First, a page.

One of the saddest symptoms of menopause is night sweats. Your hormones are already changing, so you don’t want to add more hormone therapy, and luckily, there are a number of non-hormonal options for treating menopausal night sweats. Some people say that controlling your weight helps control your body temperature. While others claim that daily exercise keeps night sweats at bay, many believe that hormone replacement therapy is the only way forward. What works for one woman may not work for another, and what works for you may not be a proven treatment, but some of the most effective methods are not. Take an unconventional approach to find the best way to stay awake with these natural remedies for night sweats.
WHAT CAUSES NIGHT SWEATS WHEN CLEANING?
Night sweats are caused by a complex interaction between fluctuating estrogen levels and the hypothalamus, the part of the brain that controls body temperature. Estrogen levels drop during menopause, which makes the hypothalamus hypersensitive, so the slightest change in room temperature can cause you to overheat. This in turn causes a cascade of reactions in the body such as spontaneous hot flushes and night sweats.
When the hypothalamus senses that you are too hot, it sends a signal to your sweat glands to help you cool down, as the sweat evaporates, removing heat from the body. The blood vessels that supply the capillaries of the skin also begin to dilate. This allows hotter blood to flow to the surface of the skin and release heat, resulting in a red flush when hot flashes occur.
EAT YOUR NIGHT SWEATS
Night sweats can be caused by blood sugar and hormone fluctuations, so avoid foods with a high glycemic index such as refined sugar (cookies) and refined carbohydrates (white bread). Instead, eat whole grains, legumes, and starchy vegetables (sweet potatoes).
Certain herbs and supplements can provide short-term relief from night sweats. Foods rich in natural plant estrogens, called phytoestrogens, can help regulate your body’s estrogen levels when they drop during menopause. The highest form of phytoestrogen is flaxseed (and flaxseed oil).
Herbalists have long used black cohoh to treat menstrual and menopausal disorders, and recent studies have shown it to be effective in reducing night sweats for up to a year. Whether you take capsules or edible oils, be aware that long-term use of this supplement can cause digestive problems and liver damage. Evening primrose oil has been shown to reduce night sweats, but is less effective.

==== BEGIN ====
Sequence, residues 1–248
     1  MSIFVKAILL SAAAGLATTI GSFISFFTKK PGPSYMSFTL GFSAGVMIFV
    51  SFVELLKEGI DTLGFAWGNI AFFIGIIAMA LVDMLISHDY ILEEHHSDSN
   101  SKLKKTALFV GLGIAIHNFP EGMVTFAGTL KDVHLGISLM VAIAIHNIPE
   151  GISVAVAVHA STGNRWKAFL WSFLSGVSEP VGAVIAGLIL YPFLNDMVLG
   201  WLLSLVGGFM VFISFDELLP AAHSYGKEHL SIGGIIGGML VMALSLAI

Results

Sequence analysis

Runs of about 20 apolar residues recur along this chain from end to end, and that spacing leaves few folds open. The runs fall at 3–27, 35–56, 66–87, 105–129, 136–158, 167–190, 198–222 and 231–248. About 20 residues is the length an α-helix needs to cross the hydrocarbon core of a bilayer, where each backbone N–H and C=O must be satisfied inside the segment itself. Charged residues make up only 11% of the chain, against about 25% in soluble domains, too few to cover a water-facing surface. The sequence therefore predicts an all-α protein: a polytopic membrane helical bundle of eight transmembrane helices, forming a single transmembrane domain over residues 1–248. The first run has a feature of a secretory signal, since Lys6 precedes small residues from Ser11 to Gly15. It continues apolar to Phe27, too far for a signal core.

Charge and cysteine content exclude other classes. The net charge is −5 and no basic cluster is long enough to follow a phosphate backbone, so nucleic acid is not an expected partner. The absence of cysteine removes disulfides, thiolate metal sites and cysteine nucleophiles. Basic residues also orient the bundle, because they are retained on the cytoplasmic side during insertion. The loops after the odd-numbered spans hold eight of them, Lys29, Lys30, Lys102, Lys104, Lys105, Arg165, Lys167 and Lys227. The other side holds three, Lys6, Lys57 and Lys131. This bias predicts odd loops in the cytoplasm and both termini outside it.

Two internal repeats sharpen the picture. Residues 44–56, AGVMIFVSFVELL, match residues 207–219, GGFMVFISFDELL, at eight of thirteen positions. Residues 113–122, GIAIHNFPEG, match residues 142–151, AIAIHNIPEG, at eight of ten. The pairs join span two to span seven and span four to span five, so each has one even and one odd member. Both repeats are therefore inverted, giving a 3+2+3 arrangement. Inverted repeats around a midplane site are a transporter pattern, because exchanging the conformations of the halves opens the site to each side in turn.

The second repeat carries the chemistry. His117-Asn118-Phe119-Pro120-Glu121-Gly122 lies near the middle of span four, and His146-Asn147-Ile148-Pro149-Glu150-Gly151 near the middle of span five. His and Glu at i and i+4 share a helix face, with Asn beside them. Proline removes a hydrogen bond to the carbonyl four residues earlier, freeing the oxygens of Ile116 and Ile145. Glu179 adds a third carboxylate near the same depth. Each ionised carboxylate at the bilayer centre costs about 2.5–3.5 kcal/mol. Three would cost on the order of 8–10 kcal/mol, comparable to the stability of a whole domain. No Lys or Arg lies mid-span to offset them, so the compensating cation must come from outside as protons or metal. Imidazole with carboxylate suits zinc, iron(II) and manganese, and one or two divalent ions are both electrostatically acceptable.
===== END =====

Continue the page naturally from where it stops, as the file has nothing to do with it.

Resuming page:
CUT OFF NIGHT SWEATS TO CUT OFF NIGHT SWEATS
Common triggers that cause both heart rate and body temperature to spike include caffeine, spicy foods, and alcohol. This does not mean to eliminate them completely, but they should be avoided in the evening. Alcohol, in particular, can cause blood sugar spikes and stay in your system for up to two hours. After one or three drinks, the blood vessels near the skin’s surface open up, causing the body to sweat, so a glass of wine gives you a glow. Therefore, overnight bags can be replaced with soothing herbal teas.
IT IS CALM TO COOL
Yoga Nidra meditation can help induce sleep. However, can you soothe the shock of suddenly waking up in a hot sweat while sleeping? While the fight-or-flight response may be in full swing, breathing can help reduce anxiety levels and body temperature. Cooling pranayama (or yogic breathing techniques) will beat the heat. Curl the sides of your tongue up, count to five, and inhale like a straw. Then close your mouth and exhale through your nose for the same number of breaths. If you can’t curl your tongue, you’ll breathe through closed teeth and make a hissing sound. Then exhale through your nose.
DO IT: NIGHT SWEAT NEEDLE
According to a study published in the Journal of Menopause, acupuncture can reduce night sweats during menopause. Of the 209 women, 80 percent received acupuncture in addition to their usual medical care. After eight weeks, 47 percent reported fewer hot flashes and 12 percent reported a significant reduction in symptoms. Acupuncture can help regulate an oversensitive hypothalamus. It also stimulates the release of pain-relieving endorphins and stress-regulatory hormones, which improve body temperature regulation.
TALK ABOUT NIGHT SWEATS
In winter, you can open your bedroom window or talk to your roommate. The more you try to hide your night sweats, the stronger they become. Open communication is critical to a healthy menopause, and sharing how you feel about the changes your body is going through can ease any embarrassment or shame. Allow the person closest to you to share this life transition.
WHEN TO WORRY ABOUT NIGHT SWEATS
Night sweats are a common symptom of menopause for many women; However, sometimes there may be cause for concern. If your night sweats are accompanied by fever, chills, aches, or unexplained weight loss, you may want to contact your doctor.